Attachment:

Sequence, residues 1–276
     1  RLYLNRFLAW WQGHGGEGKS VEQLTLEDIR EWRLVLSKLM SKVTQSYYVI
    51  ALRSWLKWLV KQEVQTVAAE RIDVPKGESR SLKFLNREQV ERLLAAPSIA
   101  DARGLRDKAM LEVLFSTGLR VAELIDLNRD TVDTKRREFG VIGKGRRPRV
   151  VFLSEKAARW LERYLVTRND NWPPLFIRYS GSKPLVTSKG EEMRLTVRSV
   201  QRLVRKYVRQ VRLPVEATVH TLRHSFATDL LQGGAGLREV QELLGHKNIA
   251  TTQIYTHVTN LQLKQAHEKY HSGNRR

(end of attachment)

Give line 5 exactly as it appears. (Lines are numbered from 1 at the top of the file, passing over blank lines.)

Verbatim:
   151  VFLSEKAARW LERYLVTRND NWPPLFIRYS GSKPLVTSKG EEMRLTVRSV